Judge Clark Douglas eagerly awaits King Kong vs. Audience Disinterest.
"I'm not concerned about which one wins."
King Kong may be one of the most beloved movie monsters of all time, but his career on the big screen has been notably hit-and-miss. The iconic ape first appeared in the legendary 1933 adventure King Kong, which featured groundbreaking special effects courtesy of Ray Harryhausen. After the hastily-produced sequel Son of Kong was released, the character disappeared for a few decades before returning in the 1962 Toho production King Kong vs. Godzilla. A few years later, Toho teamed up with Rankin-Bass to simultaneously produce an animated television show (The King Kong Show) and a live-action tie-in movie. King Kong Escapes is an exceptionally odd flick, somehow trying to find a way to work Kong into a film which is one part Saturday morning cartoon, one part Japanese monster movie (directed by the legendary Ishiro Honda, naturally) and one part James Bond imitation.
Our cheesy and convoluted story is centered around the diabolical schemes of Dr. Who (yes, that's really his name, and he's played by Hideo Amamoto, Yojimbo), who just created a terrifying machine dubbed "Mechani-Kong" (as the name implies, it's basically a gigantic robot version of King Kong). Dr. Who takes Mechani-Kong to the North Pole and tasks it with digging for Element X, an extraordinarily rare radioactive substance. Alas, the radiation proves overwhelming for the robotic ape, causing it to shut down. As such, Dr. Who and his overbearing supervisor Madame Pirahna (Mie Hama, You Only Live Twice) determine that the only reasonable course of action is to hunt down the real King Kong and get him to finish the job.
Meanwhile, Kong is chilling out on Mondo Island, where he soon encounters American submarine commander Carl Nelson (Rhodes Reason, Bus Stop) and the lovely Lt. Susan Watson (Linda Miller). After doing battle with some fearsome monsters, Kong begins developing feelings for Lt. Watson, which is no surprise given the beast's reputation as a ladykiller. Eventually, Kong, Mechani-Kong, Commander Nelson, Lt. Watson, Dr. Who and Madame Pirahna all find themselves locked in a deadly conflict with very high stakes.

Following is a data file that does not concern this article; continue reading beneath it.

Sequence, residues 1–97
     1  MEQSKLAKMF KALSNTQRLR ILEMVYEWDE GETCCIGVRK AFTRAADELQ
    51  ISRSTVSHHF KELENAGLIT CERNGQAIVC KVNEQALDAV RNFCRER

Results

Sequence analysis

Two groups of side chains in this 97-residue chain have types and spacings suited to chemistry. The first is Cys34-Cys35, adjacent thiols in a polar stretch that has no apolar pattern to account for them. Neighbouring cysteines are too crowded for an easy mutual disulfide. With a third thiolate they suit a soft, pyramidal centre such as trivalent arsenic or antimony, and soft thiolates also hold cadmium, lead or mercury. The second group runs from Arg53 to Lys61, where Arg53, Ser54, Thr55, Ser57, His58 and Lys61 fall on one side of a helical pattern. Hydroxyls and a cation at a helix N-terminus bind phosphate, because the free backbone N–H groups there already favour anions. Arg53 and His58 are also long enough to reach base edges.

Unlike certain other Kong flicks, King Kong Escapes has no pretensions about being anything other than 90-something minutes of goofy escapism. It IS a cartoon tie-in, after all, and as such frequently feels as if it's being pitched at very young viewers (one suspects that every line of dialogue in the screenplay was capped off with an exclamation point or four). Most of the actors have been badly dubbed, including some who are clearly speaking English anyway (I can only imagine how insufferable the real Linda Miller's voice must have been considering how irritating the loud, screechy voice they actually used is). It's a very dated, very silly movie, but it sports a certain enthusiastic charm which makes it a good deal more bearable than many of the hyper-serious blockbusters we're forced to endure these days. None of the special effects are even remotely convincing, but they nonetheless offer a handcrafted elegance of sorts. It isn't a "good" movie in any traditional sense, but I have to admit that I kind of had a good time with it, anyway.
King Kong Escapes (Blu-ray) sports a middling 1080p/2.35:1 transfer which looks a bit soft and weathered. There doesn't appear to have been much restoration work done on the flick. It doesn't look like a DVD, exactly, but it's definitely not one of the sharper-looking catalogue titles from the era. The DTS HD 2.0 Master Audio track is solid, presenting the (mostly-dubbed) dialogue and score with clarity. It's worth mentioning that the soundtrack features an obnoxious, high-pitched electronic noise which plays on an endless loop every time Mechani-Kong turns up. If there was one element of the film I found truly insufferable, it's that ill-advised bit of sound design. No supplements are included on the disc, which is a shame. Some more detailed info on the film's production history would have been appreciated, and I'm sure many fans wish the Japanese version of the film had been included.
While King Kong Escapes certainly isn't Kong's finest big-screen adventure. It's a goofy, good-natured bit of retro fun which should prove entertaining enough for genre aficionados. A pity the Blu-ray release is so underwhelming.
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